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Reviewing “The Moral Landscape” by Sam Harris

I enjoyed this book, and I recommend it highly. Though it contains much technical material, from neuroscience as well as philosophy, Harris makes it all accessible.

In recent years, Sam Harris has become a leading figure in the rational scrutiny of religions and religious cultures, earning himself a place as a prominent “New Atheist,” along with Richard Dawkins, Daniel Dennett, and Christopher Hitchens.

To the extent that the New Atheism is a genuine social movement, Harris deserves much of the credit for it. In 2004, he made a dramatic breakthrough when The End of Faith was published by W.W. Norton. This was a fiercely anti-religious book, targeted especially at Islam, and emphasizing that religious ideas actually matter because religious adherents are motivated one way or the other to act in accordance with the teachings they accept. The breakthrough was in convincing a major trade publisher to pick up a book like this, and then support it aggressively. Other large publishers followed suit with high-profile critiques of religion by Dawkins and others.

Book CoverIn The Moral Landscape, Harris pushes his agenda a step further, examining the nature of morality from a secular viewpoint and offering prescriptions for change. In particular, he contests the moral credentials of religion, argues against popular understandings of free will, and savages moral relativism. He presents an eloquent, passionate, but scholarly defense of his particular take on the phenomenon of morality; he defends moral realism and a consequentialist approach to moral thinking.

Harris argues that science can give us the information we need to critique moral systems and develop public policy. If he has his way, much of our moral thinking in the liberal democracies of the West will change quite radically; in particular, we will reject the detached and quietest attitude taken by many Western intellectuals to traditional moral systems. The Moral Landscape is an ambitious work that will gladden the hearts, and strengthen the spines, of many secular thinkers.

I enjoyed this book, and I recommend it highly. Though it contains much technical material, from neuroscience as well as philosophy, Harris makes it all accessible. He has an enviable gift for vivid phrasing and clear exposition of difficult concepts, and he undoubtedly has much to teach us. Almost anyone could benefit from reading The Moral Landscape. In that sense, I need go no further. Is this book worth obtaining and reading? Emphatically yes.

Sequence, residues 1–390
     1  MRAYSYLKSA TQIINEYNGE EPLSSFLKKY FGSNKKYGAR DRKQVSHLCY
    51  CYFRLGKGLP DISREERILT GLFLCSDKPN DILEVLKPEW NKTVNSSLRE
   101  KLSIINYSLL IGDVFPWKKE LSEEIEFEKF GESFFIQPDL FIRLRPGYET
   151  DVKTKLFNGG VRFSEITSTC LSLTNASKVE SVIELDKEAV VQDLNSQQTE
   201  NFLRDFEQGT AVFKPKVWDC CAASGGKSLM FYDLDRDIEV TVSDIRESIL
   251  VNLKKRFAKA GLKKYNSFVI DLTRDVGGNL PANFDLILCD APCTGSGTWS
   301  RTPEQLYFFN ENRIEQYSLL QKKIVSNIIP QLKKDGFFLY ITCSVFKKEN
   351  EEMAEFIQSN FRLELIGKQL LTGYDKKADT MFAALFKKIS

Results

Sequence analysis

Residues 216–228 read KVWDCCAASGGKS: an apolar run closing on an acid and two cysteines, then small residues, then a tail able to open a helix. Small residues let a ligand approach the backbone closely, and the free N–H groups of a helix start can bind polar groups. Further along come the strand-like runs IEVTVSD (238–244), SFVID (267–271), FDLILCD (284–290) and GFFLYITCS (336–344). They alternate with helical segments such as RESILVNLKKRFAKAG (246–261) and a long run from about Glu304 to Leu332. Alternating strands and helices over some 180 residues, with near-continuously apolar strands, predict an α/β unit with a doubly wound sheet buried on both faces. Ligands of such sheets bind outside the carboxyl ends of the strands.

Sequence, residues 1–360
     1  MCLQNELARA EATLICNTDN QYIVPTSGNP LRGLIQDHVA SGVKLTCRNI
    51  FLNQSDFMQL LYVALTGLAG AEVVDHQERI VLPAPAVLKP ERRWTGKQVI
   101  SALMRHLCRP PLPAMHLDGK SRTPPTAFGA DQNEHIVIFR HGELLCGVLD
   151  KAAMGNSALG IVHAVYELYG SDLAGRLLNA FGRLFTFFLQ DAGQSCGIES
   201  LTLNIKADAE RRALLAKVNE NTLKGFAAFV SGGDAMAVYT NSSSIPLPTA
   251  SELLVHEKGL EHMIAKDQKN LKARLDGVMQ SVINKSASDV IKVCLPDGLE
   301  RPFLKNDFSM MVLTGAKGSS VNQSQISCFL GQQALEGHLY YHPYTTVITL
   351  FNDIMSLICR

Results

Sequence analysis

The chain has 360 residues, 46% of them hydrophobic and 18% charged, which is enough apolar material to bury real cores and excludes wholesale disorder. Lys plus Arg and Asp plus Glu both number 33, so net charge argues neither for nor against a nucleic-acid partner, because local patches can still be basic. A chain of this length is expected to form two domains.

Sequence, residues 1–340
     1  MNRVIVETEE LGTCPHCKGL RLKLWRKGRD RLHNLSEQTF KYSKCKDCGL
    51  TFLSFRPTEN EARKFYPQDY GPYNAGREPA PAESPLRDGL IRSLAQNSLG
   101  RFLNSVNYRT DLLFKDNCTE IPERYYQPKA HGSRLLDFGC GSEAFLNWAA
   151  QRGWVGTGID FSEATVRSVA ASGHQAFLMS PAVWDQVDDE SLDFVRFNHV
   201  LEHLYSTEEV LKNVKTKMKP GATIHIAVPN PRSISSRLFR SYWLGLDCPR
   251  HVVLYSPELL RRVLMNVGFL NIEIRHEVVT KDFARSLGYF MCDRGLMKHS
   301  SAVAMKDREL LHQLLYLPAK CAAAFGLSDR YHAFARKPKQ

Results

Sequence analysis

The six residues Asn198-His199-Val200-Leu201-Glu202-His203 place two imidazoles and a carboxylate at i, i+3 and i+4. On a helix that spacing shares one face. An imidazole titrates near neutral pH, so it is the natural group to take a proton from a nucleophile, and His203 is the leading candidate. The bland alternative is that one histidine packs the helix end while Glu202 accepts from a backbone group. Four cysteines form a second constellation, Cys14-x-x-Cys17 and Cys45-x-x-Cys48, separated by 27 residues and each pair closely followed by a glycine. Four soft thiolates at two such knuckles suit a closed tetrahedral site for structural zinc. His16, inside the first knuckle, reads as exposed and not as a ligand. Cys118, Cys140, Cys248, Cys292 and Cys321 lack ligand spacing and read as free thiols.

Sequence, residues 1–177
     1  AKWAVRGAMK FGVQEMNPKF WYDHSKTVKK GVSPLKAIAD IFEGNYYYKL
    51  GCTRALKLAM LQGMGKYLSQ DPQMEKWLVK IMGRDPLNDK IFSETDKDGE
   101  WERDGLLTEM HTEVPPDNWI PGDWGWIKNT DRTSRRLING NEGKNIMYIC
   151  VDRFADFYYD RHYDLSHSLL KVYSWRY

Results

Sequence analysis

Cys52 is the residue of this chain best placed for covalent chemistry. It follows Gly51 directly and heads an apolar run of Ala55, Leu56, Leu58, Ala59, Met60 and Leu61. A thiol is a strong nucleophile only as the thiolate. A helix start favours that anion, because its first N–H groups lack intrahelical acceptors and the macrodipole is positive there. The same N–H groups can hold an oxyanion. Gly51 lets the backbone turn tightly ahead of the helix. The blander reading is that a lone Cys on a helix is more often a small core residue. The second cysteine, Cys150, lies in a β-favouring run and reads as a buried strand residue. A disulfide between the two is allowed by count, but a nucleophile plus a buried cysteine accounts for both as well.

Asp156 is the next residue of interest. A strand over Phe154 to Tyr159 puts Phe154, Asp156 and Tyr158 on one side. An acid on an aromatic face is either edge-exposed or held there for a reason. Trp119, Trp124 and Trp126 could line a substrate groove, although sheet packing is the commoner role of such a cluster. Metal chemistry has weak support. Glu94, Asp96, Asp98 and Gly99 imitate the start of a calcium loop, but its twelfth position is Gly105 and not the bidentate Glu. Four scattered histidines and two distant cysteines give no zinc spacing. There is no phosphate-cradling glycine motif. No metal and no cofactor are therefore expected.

That said, I have serious reservations. Having now read the book three times, I find that most of the interesting things I could say would be explanations of my concerns and disagreements. Part of the problem, no doubt, is that I would have written a rather different book if I’d tackled the same subject, and of course there is often a temptation for a reviewer to dismiss a book simply for not being what he or she would have written. I’m very conscious of that temptation, and I have no wish to be dismissive, so allow me to emphasize that nothing which follows detracts from The Moral Landscape‘s obvious strengths or those of its author.


Russell Blackford Ph.D. is a fellow of the IEET, an attorney, science fiction author and critic, philosopher, and public intellectual. Dr. Blackford serves as editor-in-chief of the IEET's Journal of Evolution and Technology. He lives in Newcastle, Australia, where he is a Conjoint Lecturer in the School of Humanities and Social Science at the University of Newcastle.


Thank you for your review of Sam’s new book.  I recently read “Letter to a Christian Nation” and have ordered “End of Faith” from our local library.  I “Googled” Sam’s book and got your article.  This was my first introduction to this website.  I will be sure to bookmark it!

Sam Harris has responded to your criticisms!

I liked your review, you made some interesting criticisms but I think Sam is far and beyond us in many ways 😊

Thank you for your article Russell. I hadn’t realised that Sam Harris is an advocate of libertarianism. Your use of J. L. Mackie and reference to ‘compatibilism’ were areas that very few make note of these days. Seems to me that neuroscience (with the workings of the orbitofrontal cortex for example) is confirming that the old philosophers were on to something when they always included an ethics in their works (the notable ones at least).

I came to your article from Sam Harris’ site, then to this site. Then I saw a reference to transhumanism on a site that has ‘ethics’ in its title…EEK!!

P.S. Interested to see that Sam Harris has responded to your piece, and it has prompted talk of Aristotle, Aquinas, Augustine, Shakespeare etc - great stuff! Looking forward to Max Scheler, Levinas, and Maurice Merleau-Ponty coming into the picture (but I won’t hold my breath).


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